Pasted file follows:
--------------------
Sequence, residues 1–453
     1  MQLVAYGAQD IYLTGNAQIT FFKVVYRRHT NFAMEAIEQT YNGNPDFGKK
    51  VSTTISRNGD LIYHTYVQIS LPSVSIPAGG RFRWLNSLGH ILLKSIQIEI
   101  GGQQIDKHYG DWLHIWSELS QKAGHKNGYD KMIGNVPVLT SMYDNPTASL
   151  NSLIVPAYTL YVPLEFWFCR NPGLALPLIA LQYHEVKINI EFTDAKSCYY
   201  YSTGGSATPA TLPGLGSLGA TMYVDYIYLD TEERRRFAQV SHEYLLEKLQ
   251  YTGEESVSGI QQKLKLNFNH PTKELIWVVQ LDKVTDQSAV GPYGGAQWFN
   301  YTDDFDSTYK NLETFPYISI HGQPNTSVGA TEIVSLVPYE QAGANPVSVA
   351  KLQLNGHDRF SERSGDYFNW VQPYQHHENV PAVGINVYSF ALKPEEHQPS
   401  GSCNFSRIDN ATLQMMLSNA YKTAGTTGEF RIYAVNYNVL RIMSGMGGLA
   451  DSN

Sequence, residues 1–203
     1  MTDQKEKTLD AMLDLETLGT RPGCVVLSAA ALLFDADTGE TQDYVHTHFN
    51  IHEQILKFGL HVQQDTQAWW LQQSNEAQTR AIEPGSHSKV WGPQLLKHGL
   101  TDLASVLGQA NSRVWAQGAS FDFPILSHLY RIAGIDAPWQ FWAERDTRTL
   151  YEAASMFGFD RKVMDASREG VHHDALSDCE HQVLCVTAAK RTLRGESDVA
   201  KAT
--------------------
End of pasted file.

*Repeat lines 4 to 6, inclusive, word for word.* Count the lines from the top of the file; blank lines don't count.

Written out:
   101  GGQQIDKHYG DWLHIWSELS QKAGHKNGYD KMIGNVPVLT SMYDNPTASL
   151  NSLIVPAYTL YVPLEFWFCR NPGLALPLIA LQYHEVKINI EFTDAKSCYY
   201  YSTGGSATPA TLPGLGSLGA TMYVDYIYLD TEERRRFAQV SHEYLLEKLQ